The two have released the following statement:
PUBLICIS AND OMNICOM AGREE TO TERMINATE PROPOSED MERGER OF EQUALS
Publicis Groupe S.A. (Euronext Paris: PUB) and Omnicom Group Inc. (NYSE: OMC) today jointly announced that they have terminated their proposed merger of equals by mutual agreement, in view of difficulties in completing the transaction within a reasonable timeframe. The parties have released each other from all obligations with respect to the proposed transaction, and no termination fees will be payable by either party.
This decision was unanimously approved by the Management Board and the Supervisory Board of Publicis Groupe and the Board of Directors of Omnicom.
In a joint statement, Maurice Lévy, Chairman and Chief Executive Officer of Publicis Groupe, and John Wren, President and Chief Executive Officer of Omnicom Group, stated: “The challenges that still remained to be overcome, in addition to the slow pace of progress, created a level of uncertainty detrimental to the interests of both groups and their employees, clients and shareholders. We have thus jointly decided to proceed along our independent paths. We, of course, remain competitors, but maintain a great respect for one another.”
We wait to see what the fall-out from this will be but one happy bunny will be WPP boss Sir Martin Sorrell, who has said throughout that the merger would never work (although even he surely doubted that it would collapse so ignominiously). WPP therefore remains the world’s biggest marcoms group.
the writing was on the wall for the merger when Wren confessed that the merged group’s plans to be based in the UK for tax purposes had hit opposition from the UK tax authorities. The combined group’s promised $500m cost savings then looked impossible.
There will inevitably be question marks over the future of Wren and Levy who have seen the biggest deal of their lives collapse. And there will be sighs of relief all round from staff at the two companies’ various agencies, who faced an uncertain future following a merger.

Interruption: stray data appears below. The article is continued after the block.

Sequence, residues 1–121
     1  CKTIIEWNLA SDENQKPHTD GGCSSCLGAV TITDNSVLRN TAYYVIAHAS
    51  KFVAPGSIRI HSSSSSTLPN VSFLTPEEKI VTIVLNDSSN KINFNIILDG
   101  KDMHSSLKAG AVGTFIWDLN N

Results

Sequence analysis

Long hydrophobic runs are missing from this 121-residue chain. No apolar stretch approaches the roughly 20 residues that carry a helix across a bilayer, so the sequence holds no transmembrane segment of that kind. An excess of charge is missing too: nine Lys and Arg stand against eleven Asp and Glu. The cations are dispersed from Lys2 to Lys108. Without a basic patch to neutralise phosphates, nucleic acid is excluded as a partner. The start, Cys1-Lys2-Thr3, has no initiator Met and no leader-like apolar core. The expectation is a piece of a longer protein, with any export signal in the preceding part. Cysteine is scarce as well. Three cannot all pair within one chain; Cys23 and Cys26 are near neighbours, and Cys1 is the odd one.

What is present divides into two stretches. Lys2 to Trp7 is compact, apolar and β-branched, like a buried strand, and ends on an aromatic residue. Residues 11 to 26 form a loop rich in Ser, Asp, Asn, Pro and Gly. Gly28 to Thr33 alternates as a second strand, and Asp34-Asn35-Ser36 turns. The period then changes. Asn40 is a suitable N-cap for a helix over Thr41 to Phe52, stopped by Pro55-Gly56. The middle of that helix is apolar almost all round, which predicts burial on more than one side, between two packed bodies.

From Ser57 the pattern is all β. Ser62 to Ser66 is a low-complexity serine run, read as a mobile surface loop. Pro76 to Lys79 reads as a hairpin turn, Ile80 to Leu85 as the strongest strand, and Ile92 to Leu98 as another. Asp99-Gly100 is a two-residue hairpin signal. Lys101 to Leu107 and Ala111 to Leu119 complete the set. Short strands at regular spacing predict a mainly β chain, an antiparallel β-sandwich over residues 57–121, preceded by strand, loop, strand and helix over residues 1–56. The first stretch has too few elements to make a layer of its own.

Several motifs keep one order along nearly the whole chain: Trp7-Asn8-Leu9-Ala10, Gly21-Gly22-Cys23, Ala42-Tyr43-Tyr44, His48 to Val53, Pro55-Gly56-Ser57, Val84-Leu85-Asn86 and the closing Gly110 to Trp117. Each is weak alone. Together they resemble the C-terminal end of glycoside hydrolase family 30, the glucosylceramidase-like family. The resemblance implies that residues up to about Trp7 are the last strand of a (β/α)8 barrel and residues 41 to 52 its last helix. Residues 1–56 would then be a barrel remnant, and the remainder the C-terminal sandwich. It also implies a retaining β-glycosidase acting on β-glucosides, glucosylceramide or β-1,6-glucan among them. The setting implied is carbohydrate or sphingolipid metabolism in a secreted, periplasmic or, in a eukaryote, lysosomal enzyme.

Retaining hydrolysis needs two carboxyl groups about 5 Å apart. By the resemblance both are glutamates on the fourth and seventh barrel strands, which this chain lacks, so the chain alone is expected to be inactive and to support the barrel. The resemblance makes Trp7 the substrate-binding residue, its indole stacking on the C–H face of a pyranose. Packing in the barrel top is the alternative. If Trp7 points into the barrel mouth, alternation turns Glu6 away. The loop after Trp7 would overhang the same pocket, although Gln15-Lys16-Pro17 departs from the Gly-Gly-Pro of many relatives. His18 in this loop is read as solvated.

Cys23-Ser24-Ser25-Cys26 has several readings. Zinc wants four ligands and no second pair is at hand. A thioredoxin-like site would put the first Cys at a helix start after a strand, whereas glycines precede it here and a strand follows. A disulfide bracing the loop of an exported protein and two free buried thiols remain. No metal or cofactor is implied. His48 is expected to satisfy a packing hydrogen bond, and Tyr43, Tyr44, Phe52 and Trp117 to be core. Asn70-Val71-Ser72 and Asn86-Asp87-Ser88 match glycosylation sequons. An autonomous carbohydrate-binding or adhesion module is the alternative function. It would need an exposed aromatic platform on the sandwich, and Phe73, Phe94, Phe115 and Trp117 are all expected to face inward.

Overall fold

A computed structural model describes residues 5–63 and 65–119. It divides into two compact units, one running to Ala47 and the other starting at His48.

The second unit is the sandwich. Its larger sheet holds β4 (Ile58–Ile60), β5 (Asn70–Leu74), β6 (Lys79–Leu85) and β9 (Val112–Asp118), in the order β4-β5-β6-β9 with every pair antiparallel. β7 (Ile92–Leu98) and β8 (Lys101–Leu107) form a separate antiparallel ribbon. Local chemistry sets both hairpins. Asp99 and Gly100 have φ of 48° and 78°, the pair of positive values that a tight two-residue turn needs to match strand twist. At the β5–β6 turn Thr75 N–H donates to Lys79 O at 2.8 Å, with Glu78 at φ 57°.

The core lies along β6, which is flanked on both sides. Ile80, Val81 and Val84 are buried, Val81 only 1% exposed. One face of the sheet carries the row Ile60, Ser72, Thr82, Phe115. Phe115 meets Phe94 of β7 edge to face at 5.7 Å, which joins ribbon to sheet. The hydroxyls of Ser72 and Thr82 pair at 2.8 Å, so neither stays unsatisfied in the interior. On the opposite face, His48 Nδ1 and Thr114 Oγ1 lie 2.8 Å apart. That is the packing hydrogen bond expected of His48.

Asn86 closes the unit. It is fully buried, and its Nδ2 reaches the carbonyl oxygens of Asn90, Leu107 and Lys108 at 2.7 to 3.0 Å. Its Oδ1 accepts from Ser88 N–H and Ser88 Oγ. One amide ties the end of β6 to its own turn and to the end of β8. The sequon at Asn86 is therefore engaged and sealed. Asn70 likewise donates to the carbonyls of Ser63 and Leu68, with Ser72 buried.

Just hours after the merger was called off, the blame game seems to be making its inevitable appearance. PG boss Levy has claimed that the supposed merger of equals was turning into a takeover of his company, something that would have made PG founder Marcel Bleustein-Blanchet “turn in his grave.”
Why the deal had taken such a turn is a trifle unclear, unless it was the dispute over who should be CFO of the merged company with Wren insisting that his man Randy Weisenburger should get the job. But Levy is adamant that a takeover “was unacceptable to me.”
Wren has been rather cooler, observing that the merger collapse was a “disappointment” as “our businesses were complementary in many ways. On the edges, they had the resources that we didn’t possess. They had some resources that we didn’t possess. We really believed that we could cross sell to our client base.”
And Sir Martin Sorrell (we’d better not forget him) says: “(the deal) seems to have been driven by emotion to knock WPP off its perch and, of course, by French charm. In the end it was a case of eyes bigger than tummy.”
Both Wren and Levy deny that they will turn their attention to Interpublic now (as has Sorrell throughout). We’ll see. If the IPG share price rises it will be a sign that something is afoot. Levy came close to bidding for IPG at the end of 2012.